My dad passed into eternity 10 years ago today.
While in Virginia with my son, who was just entering college, my husband called me with the news. The following night I arrived home in California, twelve hours late. A storm had hit D.C., causing an eight-hour layover in Chicago. I hung around the airport, praying and thinking and remembering.
The next day I dumped everything out of my suitcase and re-packed. On Monday morning my daughter and I drove to my mom’s for the funeral.
Martin Herbert Brill had suffered from multiple health and heart problems for many years, and spent the last couple years of his life battling cancer. He slipped away after that final heart-attack on a Friday morning while at the hospital for a check-up. The doctor had already informed him and my mom: the cancer had returned.
My dad was a big man, with a deep voice, a giant’s laugh when life was good, and a hard look and firm hand when I did wrong. He and my mom sang together at church, holding hands to keep her nerves in check. And his booming voice filled the role of narrator in more than one cantata.
The last time I saw him was six months prior, just before packing our belongings in a rental truck to relocate to California. What I didn’t understand then is why he walked out the door without saying, Goodbye.
From bits and pieces of information I’ve gathered, I now realize what he must have already known—he wouldn’t be around much longer. Of course he wanted us to follow God’s lead by moving, but in concern for my mom, he wished we would stay.
He always did worry too much. That was something else I came to realize later in life. It explained his moods.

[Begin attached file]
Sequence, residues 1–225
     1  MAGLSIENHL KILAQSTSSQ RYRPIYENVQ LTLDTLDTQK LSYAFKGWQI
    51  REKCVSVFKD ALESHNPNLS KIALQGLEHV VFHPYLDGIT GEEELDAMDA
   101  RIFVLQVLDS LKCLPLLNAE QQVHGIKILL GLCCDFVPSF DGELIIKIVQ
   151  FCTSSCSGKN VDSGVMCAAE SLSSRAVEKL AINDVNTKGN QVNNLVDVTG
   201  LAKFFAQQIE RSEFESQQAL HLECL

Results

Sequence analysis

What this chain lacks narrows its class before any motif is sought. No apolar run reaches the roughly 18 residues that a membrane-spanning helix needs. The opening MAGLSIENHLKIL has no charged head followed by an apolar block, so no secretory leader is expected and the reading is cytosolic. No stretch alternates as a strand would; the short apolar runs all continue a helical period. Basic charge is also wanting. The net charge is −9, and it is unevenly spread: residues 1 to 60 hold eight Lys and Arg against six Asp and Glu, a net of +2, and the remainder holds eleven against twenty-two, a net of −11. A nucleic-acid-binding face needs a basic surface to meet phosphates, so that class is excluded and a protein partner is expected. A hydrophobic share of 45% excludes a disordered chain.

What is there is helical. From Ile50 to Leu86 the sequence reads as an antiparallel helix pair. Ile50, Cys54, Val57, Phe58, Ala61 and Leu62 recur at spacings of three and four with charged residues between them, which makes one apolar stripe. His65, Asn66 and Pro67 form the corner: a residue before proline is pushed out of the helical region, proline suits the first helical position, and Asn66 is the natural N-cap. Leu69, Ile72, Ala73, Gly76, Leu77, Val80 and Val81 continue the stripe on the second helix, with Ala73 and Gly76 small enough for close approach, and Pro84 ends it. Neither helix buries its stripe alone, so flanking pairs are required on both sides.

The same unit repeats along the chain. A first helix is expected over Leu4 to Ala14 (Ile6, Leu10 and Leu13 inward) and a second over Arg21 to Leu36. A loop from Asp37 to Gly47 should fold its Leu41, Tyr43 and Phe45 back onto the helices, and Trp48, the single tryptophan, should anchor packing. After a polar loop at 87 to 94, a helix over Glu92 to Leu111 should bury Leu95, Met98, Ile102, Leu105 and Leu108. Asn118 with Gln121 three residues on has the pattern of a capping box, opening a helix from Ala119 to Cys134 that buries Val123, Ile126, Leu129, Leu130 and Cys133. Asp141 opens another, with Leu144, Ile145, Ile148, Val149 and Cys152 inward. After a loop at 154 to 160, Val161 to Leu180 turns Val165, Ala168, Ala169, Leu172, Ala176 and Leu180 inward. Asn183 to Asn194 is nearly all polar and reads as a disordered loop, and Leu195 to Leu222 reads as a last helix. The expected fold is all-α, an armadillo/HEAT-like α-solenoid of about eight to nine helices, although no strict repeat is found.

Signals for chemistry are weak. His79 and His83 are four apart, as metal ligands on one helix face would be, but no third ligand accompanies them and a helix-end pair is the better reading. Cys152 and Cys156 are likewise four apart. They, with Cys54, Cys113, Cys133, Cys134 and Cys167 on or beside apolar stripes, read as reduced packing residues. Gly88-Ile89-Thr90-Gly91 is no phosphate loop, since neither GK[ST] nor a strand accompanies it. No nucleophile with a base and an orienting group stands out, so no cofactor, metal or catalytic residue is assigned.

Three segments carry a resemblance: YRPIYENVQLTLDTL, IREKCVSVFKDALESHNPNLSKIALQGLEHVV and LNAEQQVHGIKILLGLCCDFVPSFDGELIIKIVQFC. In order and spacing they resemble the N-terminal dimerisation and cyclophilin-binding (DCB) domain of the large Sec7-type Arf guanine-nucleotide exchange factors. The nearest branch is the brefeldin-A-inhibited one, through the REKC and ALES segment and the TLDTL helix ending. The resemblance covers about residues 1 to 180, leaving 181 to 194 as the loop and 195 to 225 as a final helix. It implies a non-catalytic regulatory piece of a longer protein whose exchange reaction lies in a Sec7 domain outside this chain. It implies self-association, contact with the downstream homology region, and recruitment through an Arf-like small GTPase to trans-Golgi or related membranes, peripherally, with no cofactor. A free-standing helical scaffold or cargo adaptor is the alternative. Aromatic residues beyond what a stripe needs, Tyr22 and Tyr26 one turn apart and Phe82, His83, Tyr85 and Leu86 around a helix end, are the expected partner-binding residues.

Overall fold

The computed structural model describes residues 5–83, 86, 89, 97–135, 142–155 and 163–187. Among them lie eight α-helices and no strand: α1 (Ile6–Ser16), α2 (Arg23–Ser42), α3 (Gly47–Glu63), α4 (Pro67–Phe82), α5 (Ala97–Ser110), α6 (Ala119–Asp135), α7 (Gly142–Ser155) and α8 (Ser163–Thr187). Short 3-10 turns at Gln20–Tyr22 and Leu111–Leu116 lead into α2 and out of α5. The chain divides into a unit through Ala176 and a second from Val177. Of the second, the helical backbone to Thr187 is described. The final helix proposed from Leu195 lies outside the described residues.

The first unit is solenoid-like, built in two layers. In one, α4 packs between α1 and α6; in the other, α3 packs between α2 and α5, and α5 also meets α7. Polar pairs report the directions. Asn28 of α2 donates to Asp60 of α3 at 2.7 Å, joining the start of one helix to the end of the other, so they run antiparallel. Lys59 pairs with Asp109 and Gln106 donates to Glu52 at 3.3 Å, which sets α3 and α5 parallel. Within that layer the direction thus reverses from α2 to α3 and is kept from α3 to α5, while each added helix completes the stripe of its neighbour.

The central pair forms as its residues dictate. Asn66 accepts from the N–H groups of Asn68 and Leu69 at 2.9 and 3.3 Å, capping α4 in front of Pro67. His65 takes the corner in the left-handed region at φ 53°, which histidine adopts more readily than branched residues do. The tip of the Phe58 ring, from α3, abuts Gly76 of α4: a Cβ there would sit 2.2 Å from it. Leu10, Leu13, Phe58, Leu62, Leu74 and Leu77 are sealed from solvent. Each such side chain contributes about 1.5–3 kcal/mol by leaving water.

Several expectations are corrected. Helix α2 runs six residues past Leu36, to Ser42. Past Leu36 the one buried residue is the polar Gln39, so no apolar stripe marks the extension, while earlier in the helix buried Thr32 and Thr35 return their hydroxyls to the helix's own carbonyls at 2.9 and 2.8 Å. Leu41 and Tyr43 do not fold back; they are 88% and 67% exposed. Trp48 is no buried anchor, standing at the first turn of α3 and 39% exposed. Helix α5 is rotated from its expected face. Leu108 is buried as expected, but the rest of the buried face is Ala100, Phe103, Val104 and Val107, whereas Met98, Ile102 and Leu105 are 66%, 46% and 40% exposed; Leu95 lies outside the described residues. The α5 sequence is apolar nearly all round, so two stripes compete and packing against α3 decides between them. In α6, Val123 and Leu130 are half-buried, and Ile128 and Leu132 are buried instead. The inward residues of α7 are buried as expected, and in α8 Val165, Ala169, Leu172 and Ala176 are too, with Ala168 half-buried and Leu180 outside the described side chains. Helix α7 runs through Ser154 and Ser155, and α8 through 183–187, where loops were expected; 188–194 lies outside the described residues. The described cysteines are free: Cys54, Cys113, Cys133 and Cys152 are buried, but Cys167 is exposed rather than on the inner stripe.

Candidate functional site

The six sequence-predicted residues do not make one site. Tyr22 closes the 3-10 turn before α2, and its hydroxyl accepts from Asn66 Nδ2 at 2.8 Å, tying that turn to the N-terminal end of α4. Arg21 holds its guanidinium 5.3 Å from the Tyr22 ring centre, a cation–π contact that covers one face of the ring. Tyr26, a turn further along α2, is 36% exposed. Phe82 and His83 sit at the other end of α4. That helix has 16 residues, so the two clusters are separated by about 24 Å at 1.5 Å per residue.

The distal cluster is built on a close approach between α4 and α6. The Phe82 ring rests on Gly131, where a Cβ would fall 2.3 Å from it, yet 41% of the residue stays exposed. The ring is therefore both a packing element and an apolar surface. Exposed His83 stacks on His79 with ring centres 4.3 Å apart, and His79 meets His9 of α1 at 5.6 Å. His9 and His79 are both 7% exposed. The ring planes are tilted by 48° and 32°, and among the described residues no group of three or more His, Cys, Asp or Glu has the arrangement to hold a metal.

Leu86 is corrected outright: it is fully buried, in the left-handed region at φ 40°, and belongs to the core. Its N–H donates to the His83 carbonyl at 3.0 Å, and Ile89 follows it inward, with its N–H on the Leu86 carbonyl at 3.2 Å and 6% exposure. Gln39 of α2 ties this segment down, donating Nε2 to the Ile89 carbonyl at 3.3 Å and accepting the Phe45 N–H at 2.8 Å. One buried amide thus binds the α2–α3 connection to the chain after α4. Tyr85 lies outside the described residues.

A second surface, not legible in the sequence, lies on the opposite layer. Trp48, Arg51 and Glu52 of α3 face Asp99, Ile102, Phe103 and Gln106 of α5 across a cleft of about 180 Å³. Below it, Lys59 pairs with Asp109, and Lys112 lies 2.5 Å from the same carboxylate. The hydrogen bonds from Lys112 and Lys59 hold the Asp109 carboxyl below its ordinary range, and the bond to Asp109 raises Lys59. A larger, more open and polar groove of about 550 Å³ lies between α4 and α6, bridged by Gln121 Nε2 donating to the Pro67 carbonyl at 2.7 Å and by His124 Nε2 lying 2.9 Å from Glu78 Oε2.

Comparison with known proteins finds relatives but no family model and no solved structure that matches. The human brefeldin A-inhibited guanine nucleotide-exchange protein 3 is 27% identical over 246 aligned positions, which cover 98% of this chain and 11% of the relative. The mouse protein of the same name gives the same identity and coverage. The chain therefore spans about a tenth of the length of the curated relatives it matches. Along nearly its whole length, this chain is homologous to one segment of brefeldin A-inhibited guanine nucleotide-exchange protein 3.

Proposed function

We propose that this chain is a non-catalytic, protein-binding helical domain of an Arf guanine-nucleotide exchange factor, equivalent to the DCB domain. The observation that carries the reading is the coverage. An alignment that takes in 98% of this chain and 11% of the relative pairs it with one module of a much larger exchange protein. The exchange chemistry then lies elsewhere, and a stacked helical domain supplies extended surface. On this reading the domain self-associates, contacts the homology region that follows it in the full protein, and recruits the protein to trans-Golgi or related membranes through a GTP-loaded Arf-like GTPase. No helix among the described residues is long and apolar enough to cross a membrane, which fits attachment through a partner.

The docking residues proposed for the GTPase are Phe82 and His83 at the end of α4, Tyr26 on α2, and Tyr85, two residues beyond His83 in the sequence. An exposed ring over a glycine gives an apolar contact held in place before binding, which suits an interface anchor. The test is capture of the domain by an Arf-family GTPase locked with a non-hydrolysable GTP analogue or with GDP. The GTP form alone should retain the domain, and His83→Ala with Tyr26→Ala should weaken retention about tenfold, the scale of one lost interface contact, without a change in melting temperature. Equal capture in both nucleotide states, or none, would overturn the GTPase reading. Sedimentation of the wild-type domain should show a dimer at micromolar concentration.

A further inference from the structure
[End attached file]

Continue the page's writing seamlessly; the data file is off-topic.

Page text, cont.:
It was during my brother’s and my teen years when he cried out to his Father, I’ve made a mess of my family. Please take over.
Actually, I’ve seen a lot of families a whole lot messier than what ours was, but I can appreciate his honest plea for help.
My dad worked hard to provide for his family. Two careers filled his days: first in serving his country; second in a prison complex. When he didn’t go to church himself, he made sure we went. He sacrificed to keep us in a Christian school.
And he loved my mom passionately every day of the 44 years they were married. Not one time did I ever fear a divorce or see him walk out on her. As I get older I can recognize more and more the value of a stable marriage in the lives of children.
Although I wasn’t as close to him as my sister was, there were times when he opened up. I do have some treasured recollections of fatherly devotion… when his timing and intuitiveness and love all combined in exactly the right moment, bringing out the very best of him—connecting father and daughter in a special way.
Like in my junior year of high school, he drove me back to the store to buy the (more expensive) dress I had really wanted, after someone else at school wore the same one I had come home with from the first shopping trip.
His military career in quality control demanded attention to detail and discipline with no room for error. And his dad had been a police officer. That strictness transferred into his family life. Still, I’m thankful for the qualities it developed in me.
Did I have a storybook childhood? No. Did my dad understand how much I needed his affirmation? I’m not sure.
Am I grateful for the good that has come from the struggles? Very much so.
After I was married with a family of my own, he apologized for his mistakes. I never realized what a good girl you were, he told me.
A lot of parents I know of, including Ron and me, have had to make similar apologies. It’s just a part of family life, I think. As a package deal—we accept the good and the bad, and make the best of what we’re given.
I know beyond any doubt, when I step into eternity my dad will be standing close behind my Savior to welcome me into Heaven—with his signature bear hug and his unmistakable laugh… to the place where human failings are forever forgotten. The very fact that I’ll be in Heaven someday is partly due to his influence. Another thing to be grateful for.
Yes, earthly parents fail at times. But in my young life God used those failings to draw me to Himself—He who became my Heavenly Father.
We’re a family, and through the storms families stick together. I know you would change a few things if you could, Dad, because that’s the kind of man you were. And I love you for it. But there are a lot of things I wouldn’t change. I was always proud that you were my dad, and I still am.